“You could say that Alice no longer needs mushrooms, cakes or elixirs to grow,” Mongeon said. “These tools help me generate a digital model that can then be crafted using computer numerically controlled (CNC) milling machines. Alice and her friends grow to eight feet tall with technology. I then carve on the large foam pieces, adding a fine layer of clay and more detail before making molds that will be shipped to Shidoni Foundry.”
The installation and unveiling of this sculpture in Evelyn’s Park in Bellaire, Texas, a suburb of Houston, is scheduled for late 2016. Guests can try to find more than 150 hidden elements, including characters such as Humpty Dumpty and the White Queen, which will be carefully and covertly positioned throughout the scene. Many of these smaller items the artist will create using these digital tools. The highly anticipated sculpture is expected to make the park a tourism destination for visitors of Houston and lovers of the works of Lewis Carroll.
Just as in the story, the sculpture titled “Move One Place On” beckons visitors to change places upon their visit. Mongeon hopes visitors will develop a tradition of shouting the proclamation and change places at the bronze table as they visit the sculpture.
The sculpture has additional connections to Western New York. The likeness of the artist’s mother, the late Barbara Ingersoll, was used for the hidden White Queen. For much of her life, Ingersoll was involved with a ministry that helped hurting women in Western New York and Canada. Also, the inspiration for the Hatter comes from another family member, the late Jack Rzadkiewicz, a postal worker and Buffalo native. Finally, the likeness of the artist’s adult daughter, Christina Sizemore, who lives in Houston but works for Western New York’s Feel Rite Fresh Markets, was used for Alice.
“I love to have this personal and intimate family connection in the piece,” Mongeon said.
IMAGES ARE AVAILABLE
Nationally known sculptor, artist, And author will be guest lecturer at ken-west/Buffalo Lab, Providing an engaging educational experience tied to highly anticipated Monumental “alice in wonderland” tea party sculpture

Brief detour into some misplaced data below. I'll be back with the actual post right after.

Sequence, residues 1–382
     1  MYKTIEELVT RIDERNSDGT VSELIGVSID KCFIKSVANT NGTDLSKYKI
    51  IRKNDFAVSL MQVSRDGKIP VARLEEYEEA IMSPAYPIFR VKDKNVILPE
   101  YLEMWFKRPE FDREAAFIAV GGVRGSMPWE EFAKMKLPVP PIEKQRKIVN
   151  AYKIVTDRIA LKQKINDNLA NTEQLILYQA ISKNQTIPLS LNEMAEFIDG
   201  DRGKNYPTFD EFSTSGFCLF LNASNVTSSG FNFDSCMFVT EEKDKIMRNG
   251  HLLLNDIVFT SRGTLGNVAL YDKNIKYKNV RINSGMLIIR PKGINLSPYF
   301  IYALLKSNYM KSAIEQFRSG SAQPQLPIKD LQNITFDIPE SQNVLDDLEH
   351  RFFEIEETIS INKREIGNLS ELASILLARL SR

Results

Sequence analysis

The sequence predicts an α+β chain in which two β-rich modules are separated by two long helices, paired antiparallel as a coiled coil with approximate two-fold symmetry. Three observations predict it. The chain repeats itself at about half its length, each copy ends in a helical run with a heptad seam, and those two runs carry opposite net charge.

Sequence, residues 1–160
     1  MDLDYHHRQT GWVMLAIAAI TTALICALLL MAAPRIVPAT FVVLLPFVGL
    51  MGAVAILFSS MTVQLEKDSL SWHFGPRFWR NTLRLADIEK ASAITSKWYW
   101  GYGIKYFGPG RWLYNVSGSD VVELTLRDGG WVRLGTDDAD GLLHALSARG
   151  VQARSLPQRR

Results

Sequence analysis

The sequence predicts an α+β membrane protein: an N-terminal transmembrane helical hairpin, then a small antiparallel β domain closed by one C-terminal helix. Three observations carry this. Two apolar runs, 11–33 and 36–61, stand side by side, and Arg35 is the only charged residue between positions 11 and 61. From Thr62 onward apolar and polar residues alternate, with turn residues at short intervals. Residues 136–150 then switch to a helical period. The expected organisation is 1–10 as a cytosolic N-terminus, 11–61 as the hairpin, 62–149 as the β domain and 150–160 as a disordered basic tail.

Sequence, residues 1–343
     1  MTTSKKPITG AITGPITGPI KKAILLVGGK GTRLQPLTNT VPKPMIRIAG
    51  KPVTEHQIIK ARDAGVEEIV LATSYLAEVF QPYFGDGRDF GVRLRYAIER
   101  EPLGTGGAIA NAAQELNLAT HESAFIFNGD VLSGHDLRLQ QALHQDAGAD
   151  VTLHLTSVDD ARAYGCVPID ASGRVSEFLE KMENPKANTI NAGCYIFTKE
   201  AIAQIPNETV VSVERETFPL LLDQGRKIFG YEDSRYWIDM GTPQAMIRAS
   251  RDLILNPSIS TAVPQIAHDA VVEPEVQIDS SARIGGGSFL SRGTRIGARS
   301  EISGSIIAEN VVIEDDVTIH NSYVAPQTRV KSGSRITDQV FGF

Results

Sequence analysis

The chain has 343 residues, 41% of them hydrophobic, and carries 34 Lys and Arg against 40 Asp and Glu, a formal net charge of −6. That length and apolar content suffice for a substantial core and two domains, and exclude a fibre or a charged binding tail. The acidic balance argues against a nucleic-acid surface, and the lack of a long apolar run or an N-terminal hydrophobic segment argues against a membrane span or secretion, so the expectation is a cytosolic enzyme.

When & Where: 8 a.m. Wednesday, Sept. 30 in the Kenmore West High School Auditorium, 33 Highland Parkway, Buffalo, NY 14223, and 7 p.m. Thursday, Oct. 1 at Buffalo Lab in The Foundry, 298 Northampton St., Buffalo, NY 14208.
Who: Bridgette Mongeon, a Western New York area native and nationally known sculptor, artist and author. To commemorate the 150th anniversary of Lewis Carroll’s “Alice in Wonderland,” the Rubenstein Foundation of Texas has commissioned Mongeon to create a monumental sculpture of the Mad Hatter’s tea party for Evelyn’s Park in Bellaire, Texas. The sculpture will include an eight-foot Mad Hatter, Alice, and March Hare, and provide seating for children and adults to join the characters at the table. The highly anticipated sculpture is expected to make the park a destination for tourist and lovers of the endearing works of Lewis Carroll. Mongeon sculpts traditionally and incorporates cutting-edge digital technology that she wrote about in her recently released book “3D Technology in Fine Art and Craft: Exploring 3D Printing, Scanning, Sculpting, and Milling.”
What: Mongeon will engage Ken-West art students in a cross-curricular educational experience that ties directly into their work on topics such as digital modeling and 3D printing. Students will have the chance to contribute by assisting with the decorative 3D floral patterns on a tea cup that will be a part of the bronze table setting at the Hatter’s tea party Mongeon will also speak and engage artists at Buffalo Lab at The Foundry the following day.
Why: Mongeon and her sculpture have many ties to the area. The inspiration for some of the characters come from family members who have lived their entire lives in Buffalo. She is returning to educate and inspire. She will enhance the educational experience of students in Ken-Ton’s advanced art programs and provide examples of how topics such as 3D digital modeling are used in the profession. In addition to talking about traditional sculpting techniques, she will also give students the chance to play a role in a one-of-a-kind, internationally known sculpture that is poised to become a tourist destination.